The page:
Few things set the heart racing faster than strapping yourself on a ton of angry beef and trying to stay on for eight seconds.
Chad Berger doesn’t get on those angry bulls, he produces them. And not even the nine-time PBR Stock Contractor of the Year is immune from the adrenaline rush while waiting for a rider to leave the chutes on one of his bulls, like Smooth Operator.
One problem with that: Berger’s heart has beat too hard for too long. Now, like a bull rider, the Mandan producer is going to have to rely on his own pick-up man in the form of a surgeon.
Berger, who is closing in on 60 years of age, has developed hypertrophic cardiomyopathy, a thickening of the heart muscles that makes it hard for the organ to pump blood.
“When you’re heart rate goes up, it adds more muscle to your heart and mine’s gotten so big that they have to go in and cut it all off,” Berger said. “It’s a big surgery, they’ve got to bust you wide open.”
Berger will undergo open-heart surgery at Abbott Northwestern Hospital in Minneapolis in two weeks. He’s facing the challenge like a stock contractor would -- head on.
“It bothers me, but what are you going to do? I won’t last long this way,” Berger said. “It worries me more being down when I’ve got so much going on. Rodeoing isn’t all I do. I run three or four thousand cattle, too.”
Berger is having other Berger Bucking Bull employees attend to rodeos while he awaits surgery. It’s the latest in what has already been a challenging spring for Berger and other rodeo and PBR stock contractors, thanks to the COVID-19 pandemic. Events are falling by the wayside but the PBR tour has resumed with a whole lot of changes.
“My business is going to be tough this summer,” Berger said. “All of the big events I had are canceling. The only thing now is the PBR is going to have one every weekend at South Point Casino in Las Vegas in June.
“I’ll have my bulls at each one. I’ve got my men going down there.”
Berger’s event at the Bismarck Event Center on Father’s Day weekend (June 19-20) has been postponed.
“We’re trying to get a date in August or September, to buy a little time,” Berger said.
Until the UFC event last weekend, the PBR tour was the only live sport being held anywhere. Under the “new normal,” there were no fans to cheer on the cowboys, and people behind the chutes and in the dirt wore masks.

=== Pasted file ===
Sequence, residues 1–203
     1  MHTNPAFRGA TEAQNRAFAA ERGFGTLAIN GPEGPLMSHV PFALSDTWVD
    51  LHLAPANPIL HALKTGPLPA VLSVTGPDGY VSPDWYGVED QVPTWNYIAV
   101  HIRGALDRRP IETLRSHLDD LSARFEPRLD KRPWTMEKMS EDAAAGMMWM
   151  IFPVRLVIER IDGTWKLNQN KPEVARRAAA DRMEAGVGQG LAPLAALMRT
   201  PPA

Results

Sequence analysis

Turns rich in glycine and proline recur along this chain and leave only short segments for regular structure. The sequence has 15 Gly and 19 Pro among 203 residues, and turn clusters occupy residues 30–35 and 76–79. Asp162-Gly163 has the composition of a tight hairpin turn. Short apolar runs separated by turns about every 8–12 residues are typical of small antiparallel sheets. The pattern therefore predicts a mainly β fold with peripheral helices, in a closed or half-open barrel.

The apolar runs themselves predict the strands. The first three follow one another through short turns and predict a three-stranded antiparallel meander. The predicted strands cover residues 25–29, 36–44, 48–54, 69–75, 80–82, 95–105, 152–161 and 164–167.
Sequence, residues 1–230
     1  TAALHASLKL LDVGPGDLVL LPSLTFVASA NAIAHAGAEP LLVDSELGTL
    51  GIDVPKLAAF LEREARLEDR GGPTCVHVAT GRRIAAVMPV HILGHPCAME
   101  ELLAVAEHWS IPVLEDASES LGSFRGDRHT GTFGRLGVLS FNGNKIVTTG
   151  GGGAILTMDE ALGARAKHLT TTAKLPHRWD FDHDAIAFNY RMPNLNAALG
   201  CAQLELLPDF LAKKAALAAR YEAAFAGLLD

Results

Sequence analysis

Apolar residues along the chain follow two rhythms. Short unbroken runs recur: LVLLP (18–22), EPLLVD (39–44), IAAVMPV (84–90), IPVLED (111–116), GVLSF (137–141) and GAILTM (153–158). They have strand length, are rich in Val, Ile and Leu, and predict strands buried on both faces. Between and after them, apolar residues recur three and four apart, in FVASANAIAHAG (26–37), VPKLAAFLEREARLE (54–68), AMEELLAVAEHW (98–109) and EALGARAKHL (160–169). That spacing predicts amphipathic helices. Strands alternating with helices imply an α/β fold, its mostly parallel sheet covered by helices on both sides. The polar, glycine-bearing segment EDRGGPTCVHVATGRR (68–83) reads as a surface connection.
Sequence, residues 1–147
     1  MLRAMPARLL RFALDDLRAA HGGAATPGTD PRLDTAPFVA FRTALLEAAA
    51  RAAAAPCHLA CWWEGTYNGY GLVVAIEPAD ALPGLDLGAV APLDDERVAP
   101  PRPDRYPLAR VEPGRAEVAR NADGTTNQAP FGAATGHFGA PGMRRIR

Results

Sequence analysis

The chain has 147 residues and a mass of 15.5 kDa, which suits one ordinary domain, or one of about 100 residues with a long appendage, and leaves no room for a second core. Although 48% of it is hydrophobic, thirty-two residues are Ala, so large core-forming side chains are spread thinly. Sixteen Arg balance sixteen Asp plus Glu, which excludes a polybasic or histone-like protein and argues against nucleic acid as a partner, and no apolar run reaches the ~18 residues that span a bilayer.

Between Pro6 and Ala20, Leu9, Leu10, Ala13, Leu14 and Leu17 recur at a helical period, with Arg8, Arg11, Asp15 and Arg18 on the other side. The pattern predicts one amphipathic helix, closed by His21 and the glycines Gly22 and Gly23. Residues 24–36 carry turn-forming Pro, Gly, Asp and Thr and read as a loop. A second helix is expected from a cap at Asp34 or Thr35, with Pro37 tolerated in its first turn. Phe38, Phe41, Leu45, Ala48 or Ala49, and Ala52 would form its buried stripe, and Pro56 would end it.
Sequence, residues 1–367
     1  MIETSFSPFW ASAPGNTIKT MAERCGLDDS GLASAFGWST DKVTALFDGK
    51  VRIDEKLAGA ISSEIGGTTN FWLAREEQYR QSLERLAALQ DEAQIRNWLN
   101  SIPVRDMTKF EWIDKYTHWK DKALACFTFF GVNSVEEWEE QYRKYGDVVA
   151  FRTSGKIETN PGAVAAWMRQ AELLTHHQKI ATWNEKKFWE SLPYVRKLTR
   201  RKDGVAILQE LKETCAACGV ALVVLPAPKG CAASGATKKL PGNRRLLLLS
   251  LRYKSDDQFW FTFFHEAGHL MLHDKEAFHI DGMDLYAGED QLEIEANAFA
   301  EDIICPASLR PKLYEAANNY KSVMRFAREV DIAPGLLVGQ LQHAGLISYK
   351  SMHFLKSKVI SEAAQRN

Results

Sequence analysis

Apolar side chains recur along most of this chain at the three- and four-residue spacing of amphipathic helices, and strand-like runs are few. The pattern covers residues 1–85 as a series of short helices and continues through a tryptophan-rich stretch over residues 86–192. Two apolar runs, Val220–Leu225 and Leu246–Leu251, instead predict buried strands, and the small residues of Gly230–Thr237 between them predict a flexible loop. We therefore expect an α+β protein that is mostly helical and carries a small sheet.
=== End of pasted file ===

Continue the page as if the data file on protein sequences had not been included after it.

There’s a different feel about the whole thing, Berger said.
“Them bull riders feed off the crowd,” he said. “But there are some people who ride more comfortable like that.”
Getting people comfortable in the stands will be part of the pandemic recovery. In fact, one of the hardest things on the horizon will be getting people to trust being around other people once the all-clear is given.
Berger was poised for another year like the previous six, all of which ended with him taking home stock contractor of the year honors. His stock, which features 2019 YETI World Champion bull Smooth Operator, is among the hardest to ride and includes top-scoring bulls in any pen.
“We did all we could do,” Berger said. “We had the bull of the finals and the bull of the year and won our ninth stock contractor of the year award.”
Smooth Operator hasn’t been ridden in 2020 and has a streak of 14 straight buck-offs. He has a 93 percent buck-off rate and is third in the world standings. Stretch and Safety Meeting are currently 16th and 17th in the rankings.
In the most recent PBR event in Guthrie, Okla., Berger had five bulls in finals and none were covered for the full eight seconds. In rounds leading up to the finals, four went out, and two produced scores of 87.5 and 90.75. Soup in a Group produced the top score of the event.
Berger’s bulls will be in Guthrie, Okla., this weekend, then in Las Vegas for all of June. Berger, whose presence at bull riding events borders on that of a rock star, won’t be there.
“I’m going to stay home and get all these cattle put to grass and get ready for my surgery,” Berger said. “My doctor don’t really want me traveling either.”
Berger isn’t planning to let a bad heart or COVID-19 keep him down.
“It’ll take a little while, but we’ll get there,” Berger said. “I think people will be starving to go do something.
“I’m an optimist. I think they’re going to come up with a vaccine. I don’t know if it will be normal normal, but we’ll be back to a normal.”
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